by @A Lady in London

City Overview

Welcome to Amsterdam, a city with a perfect mix of history and culture – not to mention other distractions! This colourful European city certainly leaves little to the imagination; the houses with narrow frontages lining the narrow streets don’t have shutters, coffee shops litter the canal routes and the windows of a certain district will long continue to fascinate tourists. But Amsterdam is above all a city full of history with many cultural and historical roots. This is the city of tulips, Rembrandt, Vermeer and of course, the place that hid Anne Frank from the Nazis. It is impossible not to be amazed by the historic centre and its network of canals, which has been given a UNESCO heritage stamp since 2010. So whether you have an artistic soul, a budding historian or just love to party, Amsterdam has it all!

Brief History

Amsterdam takes its name from the river Amstel and was first called ‘Amestelledamme’ which translates as ‘the dam on the dam.’ It was given the nickname ‘Amsterdam’ in the fourteenth century. The city became a financial and commercial centre of importance in the seventeenth century as it was situated in the heart of the network of international trade for the European market. Artists such as Rembrandt and Vermeer made cultural and artistic references to this in their paintings of the city’s merchants and high society. Occupied during the Second World War, Amsterdam enjoyed a revival from 1960s when the construction of new neighbourhoods and green spaces shaped the beautiful city we know today.

Major Attractions

  • Get your history on at the House of Anne Frank and absorb some culture at the Van Gogh Museum 
  • Try some local cuisine in the form of a herring and Eel sandwich!
  • Jump on a bike and get out of the main city to visit some of the iconic windmills and rolling hills the surrounding countryside has to offer - if you’re more of a city dweller then the flower market on Singel Canal will keep you content.
  • Partake of Amsterdam’s fantastic nightlife, the perfect end to every evening lies in one of the city’s countless bars.



The Kalverstraat and the Leidsestraat are the most well-known shopping streets in Amsterdam. Both have a good range of high street shops, shopping centres and department stores. But one of the most unique places to shop is the Flower Market on Singel Canal. You can buy everything from cut flowers to seeds and bulbs. Another great place to shop is the funky Jordaan district. The Boerenmarkt on Jordaan’s Noordermarkt is a Saturday farmers’ market where you can find everything from Dutch cheeses to fresh waffles. Elsewhere, the Negen Straatjes (Nine Streets) has art galleries, jewellers, boutiques and vintage stores - plenty to keep the most discerning of shoppers happy.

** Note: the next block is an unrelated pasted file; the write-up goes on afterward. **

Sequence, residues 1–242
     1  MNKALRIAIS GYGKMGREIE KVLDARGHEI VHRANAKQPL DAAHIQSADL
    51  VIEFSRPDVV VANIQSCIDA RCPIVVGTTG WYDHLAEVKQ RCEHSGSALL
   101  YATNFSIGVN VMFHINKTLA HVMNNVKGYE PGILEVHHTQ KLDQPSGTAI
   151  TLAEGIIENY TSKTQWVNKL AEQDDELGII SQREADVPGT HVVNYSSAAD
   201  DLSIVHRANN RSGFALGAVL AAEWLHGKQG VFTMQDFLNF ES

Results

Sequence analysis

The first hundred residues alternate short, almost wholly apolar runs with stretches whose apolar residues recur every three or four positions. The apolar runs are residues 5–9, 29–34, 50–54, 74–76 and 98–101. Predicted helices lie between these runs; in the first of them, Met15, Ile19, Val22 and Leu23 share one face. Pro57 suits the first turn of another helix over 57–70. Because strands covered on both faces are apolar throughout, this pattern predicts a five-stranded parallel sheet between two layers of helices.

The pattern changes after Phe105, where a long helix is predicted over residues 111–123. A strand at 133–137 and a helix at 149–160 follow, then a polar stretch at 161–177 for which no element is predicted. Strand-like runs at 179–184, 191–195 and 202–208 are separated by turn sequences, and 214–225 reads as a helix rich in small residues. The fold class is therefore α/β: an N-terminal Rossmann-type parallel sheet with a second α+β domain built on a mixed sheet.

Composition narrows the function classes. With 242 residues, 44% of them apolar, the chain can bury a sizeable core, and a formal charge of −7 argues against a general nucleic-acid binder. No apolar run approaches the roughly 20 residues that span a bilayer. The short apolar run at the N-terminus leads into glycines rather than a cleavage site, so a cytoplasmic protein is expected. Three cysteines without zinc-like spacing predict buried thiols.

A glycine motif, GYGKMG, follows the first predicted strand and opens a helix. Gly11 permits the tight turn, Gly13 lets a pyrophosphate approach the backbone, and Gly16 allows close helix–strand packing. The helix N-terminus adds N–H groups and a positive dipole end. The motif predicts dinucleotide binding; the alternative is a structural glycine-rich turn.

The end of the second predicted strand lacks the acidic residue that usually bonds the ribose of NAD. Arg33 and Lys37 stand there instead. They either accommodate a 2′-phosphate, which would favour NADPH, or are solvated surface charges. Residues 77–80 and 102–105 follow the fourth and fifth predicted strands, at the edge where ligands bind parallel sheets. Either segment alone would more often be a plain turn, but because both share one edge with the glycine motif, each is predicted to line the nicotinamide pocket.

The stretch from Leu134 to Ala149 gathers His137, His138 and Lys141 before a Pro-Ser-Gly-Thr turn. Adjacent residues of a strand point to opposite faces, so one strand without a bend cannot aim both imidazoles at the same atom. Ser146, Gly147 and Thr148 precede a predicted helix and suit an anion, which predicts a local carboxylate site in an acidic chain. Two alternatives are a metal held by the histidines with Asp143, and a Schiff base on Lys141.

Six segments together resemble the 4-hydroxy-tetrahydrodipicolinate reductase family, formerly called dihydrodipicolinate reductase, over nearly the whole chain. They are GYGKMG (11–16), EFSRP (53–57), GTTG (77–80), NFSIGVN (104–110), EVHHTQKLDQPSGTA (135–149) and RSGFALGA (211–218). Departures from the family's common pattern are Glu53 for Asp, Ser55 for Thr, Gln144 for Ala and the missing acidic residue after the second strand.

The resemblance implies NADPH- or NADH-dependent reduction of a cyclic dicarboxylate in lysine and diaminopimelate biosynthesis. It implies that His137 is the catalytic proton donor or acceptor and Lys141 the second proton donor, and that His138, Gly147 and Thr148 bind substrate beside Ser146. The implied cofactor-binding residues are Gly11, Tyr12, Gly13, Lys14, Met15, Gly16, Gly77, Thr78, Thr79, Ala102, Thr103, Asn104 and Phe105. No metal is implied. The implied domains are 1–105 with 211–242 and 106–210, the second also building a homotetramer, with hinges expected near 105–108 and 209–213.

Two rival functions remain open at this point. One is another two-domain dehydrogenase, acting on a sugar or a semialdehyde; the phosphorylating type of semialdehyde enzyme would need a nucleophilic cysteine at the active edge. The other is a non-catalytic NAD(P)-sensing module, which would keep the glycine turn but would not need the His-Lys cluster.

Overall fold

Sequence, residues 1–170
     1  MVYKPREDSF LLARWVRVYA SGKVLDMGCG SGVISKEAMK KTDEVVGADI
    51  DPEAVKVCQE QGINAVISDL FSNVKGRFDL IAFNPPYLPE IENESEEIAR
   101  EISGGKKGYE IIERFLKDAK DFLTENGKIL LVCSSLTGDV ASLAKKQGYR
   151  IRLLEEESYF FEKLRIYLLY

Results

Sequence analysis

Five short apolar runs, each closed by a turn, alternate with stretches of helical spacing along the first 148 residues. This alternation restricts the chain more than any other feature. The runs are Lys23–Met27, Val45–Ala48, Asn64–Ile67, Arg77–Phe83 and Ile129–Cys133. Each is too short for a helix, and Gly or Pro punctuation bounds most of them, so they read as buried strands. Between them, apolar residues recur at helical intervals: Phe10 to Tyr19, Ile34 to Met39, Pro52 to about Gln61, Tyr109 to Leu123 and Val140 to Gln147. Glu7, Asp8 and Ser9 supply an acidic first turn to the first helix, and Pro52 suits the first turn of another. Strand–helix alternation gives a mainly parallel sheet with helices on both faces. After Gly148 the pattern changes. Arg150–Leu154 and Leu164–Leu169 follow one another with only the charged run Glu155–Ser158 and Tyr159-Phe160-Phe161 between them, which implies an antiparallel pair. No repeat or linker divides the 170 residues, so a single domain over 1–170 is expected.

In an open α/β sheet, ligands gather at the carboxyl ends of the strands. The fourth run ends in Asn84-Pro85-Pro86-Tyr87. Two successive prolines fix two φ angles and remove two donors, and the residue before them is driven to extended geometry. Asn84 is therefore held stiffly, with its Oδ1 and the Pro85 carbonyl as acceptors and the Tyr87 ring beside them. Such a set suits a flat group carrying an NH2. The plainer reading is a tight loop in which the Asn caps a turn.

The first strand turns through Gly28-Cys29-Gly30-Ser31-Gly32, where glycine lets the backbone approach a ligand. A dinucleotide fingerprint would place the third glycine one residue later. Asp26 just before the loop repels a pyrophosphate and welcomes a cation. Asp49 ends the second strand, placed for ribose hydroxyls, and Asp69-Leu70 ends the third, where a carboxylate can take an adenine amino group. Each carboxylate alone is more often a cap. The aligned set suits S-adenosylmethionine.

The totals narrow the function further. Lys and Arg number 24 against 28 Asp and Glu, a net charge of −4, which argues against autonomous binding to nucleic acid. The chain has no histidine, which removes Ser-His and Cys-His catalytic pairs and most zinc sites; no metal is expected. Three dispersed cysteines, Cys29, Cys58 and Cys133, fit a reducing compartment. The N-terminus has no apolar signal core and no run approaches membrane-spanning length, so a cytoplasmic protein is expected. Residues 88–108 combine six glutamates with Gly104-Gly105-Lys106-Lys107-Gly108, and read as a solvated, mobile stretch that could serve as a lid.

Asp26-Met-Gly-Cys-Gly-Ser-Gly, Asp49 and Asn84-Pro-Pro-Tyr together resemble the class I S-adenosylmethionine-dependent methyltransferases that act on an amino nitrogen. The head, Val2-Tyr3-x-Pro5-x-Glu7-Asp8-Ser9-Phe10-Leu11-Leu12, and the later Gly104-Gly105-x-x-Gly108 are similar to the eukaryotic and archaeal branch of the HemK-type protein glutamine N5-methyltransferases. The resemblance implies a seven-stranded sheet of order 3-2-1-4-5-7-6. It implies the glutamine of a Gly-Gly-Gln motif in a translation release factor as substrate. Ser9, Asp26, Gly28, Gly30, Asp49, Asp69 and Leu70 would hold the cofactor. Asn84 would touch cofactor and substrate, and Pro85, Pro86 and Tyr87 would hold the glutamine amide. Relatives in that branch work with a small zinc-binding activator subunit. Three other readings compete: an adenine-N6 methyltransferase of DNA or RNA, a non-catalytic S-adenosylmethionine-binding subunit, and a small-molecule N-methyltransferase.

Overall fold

Amsterdam’s coffee shops and red light district are known throughout the world, but the city has a lot more to offer. Restaurants like Pancakes! serve classic Dutch crepes, and great Indonesian cuisine – a relic of the colonial past - can be found at places like Tempo Doeloe. Nightlife is definitely the main event in Amsterdam though, and the perfect place to sample the bar scene is at 't Doktertje, one of the smallest—and coolest—bars in the city. While there, try the local jenever spirit, a precursor to gin. For other evening entertainment, the Paradiso club, housed in a former church, is a great place to spend a night out. 



Amsterdam has a lot to do and see, starting with its famous canals. No trip is complete without a canal tour, either on foot, by bike, or on a boat. The city’s museums are worth visiting, too, as the Rijksmuseum is home to works of the most famous Dutch Masters, and the Van Gogh Museum has a wide range of the artist’s paintings. The Anne Frank House, where the famous diary was written, is also worth a visit. Elsewhere, beer lovers can enjoy the Heineken Experience, and those wanting a relaxing afternoon can sit in or cycle through the expansive Vondelpark.


Travel Tips

  • Watch out for the trams! They are ghostly silent and can sneak up on you while you’re out and about. Make sure to avoid walking on the tracks.  
  • The best way to get around Amsterdam like a local is by bike. There are many places around the city where you can rent them inexpensively and cyclists take priority.


Off the Beaten Track

Most people know Amsterdam for its canals and tall, narrow houses, but it’s worth renting a bike for a day and cycling out to the countryside, which is surprisingly close to the heart of the city. Buildings give way to open fields full of windmills, and the famously flat Dutch countryside makes it easy to cycle for miles.

In the springtime, don’t miss the chance to take a bus or train out to Lisse to visit the famous tulips at Keukenhof Gardens. Thousands of bulbs paint the landscape in bright colours and you can spend all day exploring the grounds.  

As for museums, Amsterdam has some quirky ones. The Cat Cabinet is dedicated to all things feline, with a collection exploring the role of cats in art and culture throughout history. Equally offbeat, the Spectacles Museum showcases spectacle fashion and history over a 700-year period.



A guide by @A Lady in London

A Lady in LondonJulie Falconer is a London-based travel writer and consultant. She writes an award-winning travel and lifestyle blog, A Lady in London, for which she has travelled to 97 countries. She is also an online strategy and social media consultant, public speaker, and freelance writer and photographer. Originally from San Francisco, Julie attended Brown University and came to the UK in 2007 after leaving a career in finance, during which time she worked for Goldman Sachs and a hedge fund.